Overcoming Decision Paralysis
We are all products of the choices we have made. Perhaps this is why I have a difficult time making them. I am a true maximizer in every definition of the word, always seeking to carve out the best possible outcome for myself. If my choices dictate who I am, then I want to ensure I am the luxury version, not some cobbled together knock off product.
I collect data, I conduct polls, and I do dream analysis to ensure I’ll always have the most information to choose wisely.
This approach, of course, has its downside. I annoy friends and strangers by pulling them into my chaotic internal debate on how to best improve myself, when in many cases I’d improve myself by polling less and deciding quicker.
“Do I want the chicken or the pasta on today’s flight?“ I nudged my seatmate while flying.
“Shall I take a startup job or stay in Corporate America?” I polled the other guests at a friend’s wedding. I was delaying making a decision, fearful of it being the wrong one.
“Sure, you can postpone a decision…but in doing so you are actually making one,” said my mother. She wasn’t referring to my menu ordering skills on United, she was referring to job offers.
“But I am waiting for it to feel right.” I argued. All of these entrepreneurs in Silicon Valley had told me I would see a sign, feel an impulse, or hear Faith Popcorn’s prediction in my dreams. “My gut will know,” I assured her.
“So you are just going to sit around until your gut tells you to make a decision? You could still be sitting there cramping with indigestion at age 60. Just make move.”
Another friend told me, “Pick one with potential…try your best, and if it doesn’t work out the other will be there. It’s a decision, not a marriage.”
However I think decision making DOES indeed apply to dating and marriage.
There is one recurrent phrase on family phone calls, “Heidi, just please CHOOSE someone!”
After a few exasperated comments the rational explanation comes, “It isn’t so much whom you choose but how you will grow together with them.”
I told this to my collection of 30 something single friends and they all said, “Yes, but we’ve waited this long to choose…so now it has to be perfect. We cannot settle at this age!” Will this quest for the elusive perfection result in us still chasing dreams well into our 40 somethings?
I was worried that our dating styles had resembled eating at a buffet. Before committing to one dish we all had wanted to sample as many varieties as possible. How else would we know what we liked best? Italian Sausage or Mexican Enchiladas? However, that approach never really led to one satisfying favorite, but rather an upset stomach. If I keep that up I’ll end up with no meal but rather a large bottle of pepto bismol as my soul mate.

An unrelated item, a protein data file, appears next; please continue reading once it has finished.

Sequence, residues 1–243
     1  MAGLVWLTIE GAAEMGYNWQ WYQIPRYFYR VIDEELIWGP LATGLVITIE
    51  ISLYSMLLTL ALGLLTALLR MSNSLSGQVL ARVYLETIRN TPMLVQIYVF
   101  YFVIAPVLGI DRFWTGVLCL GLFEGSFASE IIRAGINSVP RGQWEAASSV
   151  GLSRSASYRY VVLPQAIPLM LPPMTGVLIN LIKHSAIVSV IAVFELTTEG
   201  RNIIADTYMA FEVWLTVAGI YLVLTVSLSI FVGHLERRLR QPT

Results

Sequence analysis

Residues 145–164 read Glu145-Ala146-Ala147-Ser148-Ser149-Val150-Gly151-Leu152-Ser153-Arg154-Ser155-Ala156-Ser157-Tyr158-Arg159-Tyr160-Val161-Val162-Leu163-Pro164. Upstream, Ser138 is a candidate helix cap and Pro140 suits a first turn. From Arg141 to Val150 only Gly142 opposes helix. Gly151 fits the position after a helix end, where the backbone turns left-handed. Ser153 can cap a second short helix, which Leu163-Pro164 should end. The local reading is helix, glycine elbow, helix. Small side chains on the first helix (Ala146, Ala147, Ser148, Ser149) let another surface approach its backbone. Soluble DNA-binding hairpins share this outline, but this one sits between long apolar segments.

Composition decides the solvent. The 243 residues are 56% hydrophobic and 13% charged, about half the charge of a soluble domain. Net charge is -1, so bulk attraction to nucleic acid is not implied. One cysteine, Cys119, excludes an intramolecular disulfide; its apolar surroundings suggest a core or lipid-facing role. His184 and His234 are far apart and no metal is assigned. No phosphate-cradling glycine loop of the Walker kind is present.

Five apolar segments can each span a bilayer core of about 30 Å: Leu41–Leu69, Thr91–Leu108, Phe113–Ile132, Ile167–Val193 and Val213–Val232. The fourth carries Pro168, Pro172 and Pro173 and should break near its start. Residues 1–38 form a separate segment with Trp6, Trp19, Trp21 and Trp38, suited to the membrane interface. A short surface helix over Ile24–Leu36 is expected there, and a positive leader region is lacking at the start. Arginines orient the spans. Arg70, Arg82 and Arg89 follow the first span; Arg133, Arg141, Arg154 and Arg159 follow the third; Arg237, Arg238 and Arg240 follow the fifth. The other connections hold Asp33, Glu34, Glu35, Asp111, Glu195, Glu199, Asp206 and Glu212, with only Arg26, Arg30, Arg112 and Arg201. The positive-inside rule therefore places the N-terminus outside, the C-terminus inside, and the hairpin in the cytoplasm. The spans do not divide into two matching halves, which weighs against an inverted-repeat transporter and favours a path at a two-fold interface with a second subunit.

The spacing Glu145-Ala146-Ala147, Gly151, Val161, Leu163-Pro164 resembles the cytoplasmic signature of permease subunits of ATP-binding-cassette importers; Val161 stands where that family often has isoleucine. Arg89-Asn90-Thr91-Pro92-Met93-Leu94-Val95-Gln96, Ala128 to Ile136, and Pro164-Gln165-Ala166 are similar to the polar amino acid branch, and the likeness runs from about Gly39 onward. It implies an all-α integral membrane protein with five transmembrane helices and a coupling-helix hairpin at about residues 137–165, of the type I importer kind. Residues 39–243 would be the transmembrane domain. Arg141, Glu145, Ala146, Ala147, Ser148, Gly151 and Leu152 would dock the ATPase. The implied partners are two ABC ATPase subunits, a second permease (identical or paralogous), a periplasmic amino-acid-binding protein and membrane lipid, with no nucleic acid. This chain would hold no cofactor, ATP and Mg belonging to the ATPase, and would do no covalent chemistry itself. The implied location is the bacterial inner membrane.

Someone who has been married for 3 years told me, “At the beginning I wasn’t so sure she was the one. However I was sick of dating around and decided to stick it out. What do you know, I fell in love…and eventually proposed.”
This is a far cry from the type of romance found in “The Prince’s Bride,” and certainly doesn’t seem very appealing to a maximizer who wants to fall into a fiery flames of passion at the first kiss. However, he wasn’t the only one that felt the best passion came after committing.
“I wasn’t that into him at first…he didn’t have everything on my ‘list’”, admitted a girlfriend. “But I gave it a shot and now it’s fantastic. Every day I am more and more in love. Who wants to start the relationship at the top of passion? Wouldn’t you rather it keep getting better every day as opposed to worse every day?”
Perhaps this applies to a job as well. We should see the future potential, make a decision, and commit ourselves to making it work. After all, many people get their dream jobs by creating it while they are already there.
Now, feeling less scared of making the “wrong choice,” I feel better about turning down opportunities and saying yes to others. Perhaps the ‘best choice’ will end up being the one I stick with.
Someone wise once told me, “It isn’t that the grass is greener on ‘the other side’-it’s that the grass is greener on the side where you decide to water.”